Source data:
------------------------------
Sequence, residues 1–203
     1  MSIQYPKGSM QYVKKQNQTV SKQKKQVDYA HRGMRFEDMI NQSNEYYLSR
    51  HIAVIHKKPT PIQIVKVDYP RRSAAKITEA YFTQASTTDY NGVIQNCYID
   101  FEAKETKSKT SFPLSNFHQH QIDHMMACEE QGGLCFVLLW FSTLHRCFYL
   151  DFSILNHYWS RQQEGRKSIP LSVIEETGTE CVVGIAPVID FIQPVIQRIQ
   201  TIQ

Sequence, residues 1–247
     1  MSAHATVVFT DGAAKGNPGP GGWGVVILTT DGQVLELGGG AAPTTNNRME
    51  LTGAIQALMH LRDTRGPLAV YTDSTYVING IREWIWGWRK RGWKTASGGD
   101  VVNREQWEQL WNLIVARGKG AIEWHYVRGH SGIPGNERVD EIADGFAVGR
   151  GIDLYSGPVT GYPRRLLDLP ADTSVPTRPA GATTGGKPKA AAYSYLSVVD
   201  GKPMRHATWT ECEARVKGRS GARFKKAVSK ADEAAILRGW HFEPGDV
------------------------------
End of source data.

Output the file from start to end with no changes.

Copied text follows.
Sequence, residues 1–203
     1  MSIQYPKGSM QYVKKQNQTV SKQKKQVDYA HRGMRFEDMI NQSNEYYLSR
    51  HIAVIHKKPT PIQIVKVDYP RRSAAKITEA YFTQASTTDY NGVIQNCYID
   101  FEAKETKSKT SFPLSNFHQH QIDHMMACEE QGGLCFVLLW FSTLHRCFYL
   151  DFSILNHYWS RQQEGRKSIP LSVIEETGTE CVVGIAPVID FIQPVIQRIQ
   201  TIQ

Sequence, residues 1–247
     1  MSAHATVVFT DGAAKGNPGP GGWGVVILTT DGQVLELGGG AAPTTNNRME
    51  LTGAIQALMH LRDTRGPLAV YTDSTYVING IREWIWGWRK RGWKTASGGD
   101  VVNREQWEQL WNLIVARGKG AIEWHYVRGH SGIPGNERVD EIADGFAVGR
   151  GIDLYSGPVT GYPRRLLDLP ADTSVPTRPA GATTGGKPKA AAYSYLSVVD
   201  GKPMRHATWT ECEARVKGRS GARFKKAVSK ADEAAILRGW HFEPGDV